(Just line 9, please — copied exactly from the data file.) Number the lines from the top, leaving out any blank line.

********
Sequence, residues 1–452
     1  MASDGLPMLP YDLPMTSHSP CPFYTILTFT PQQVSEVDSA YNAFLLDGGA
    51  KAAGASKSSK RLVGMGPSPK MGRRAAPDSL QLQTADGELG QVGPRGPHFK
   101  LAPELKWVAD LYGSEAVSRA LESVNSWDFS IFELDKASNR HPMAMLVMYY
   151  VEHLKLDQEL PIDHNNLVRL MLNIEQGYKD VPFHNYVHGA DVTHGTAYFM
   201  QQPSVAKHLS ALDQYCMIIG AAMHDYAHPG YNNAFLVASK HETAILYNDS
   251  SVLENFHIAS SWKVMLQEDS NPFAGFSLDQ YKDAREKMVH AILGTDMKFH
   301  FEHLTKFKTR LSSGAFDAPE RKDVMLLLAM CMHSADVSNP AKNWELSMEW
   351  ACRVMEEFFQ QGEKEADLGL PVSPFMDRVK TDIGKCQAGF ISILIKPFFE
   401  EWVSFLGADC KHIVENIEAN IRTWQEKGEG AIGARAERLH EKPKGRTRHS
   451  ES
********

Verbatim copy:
   351  ACRVMEEFFQ QGEKEADLGL PVSPFMDRVK TDIGKCQAGF ISILIKPFFE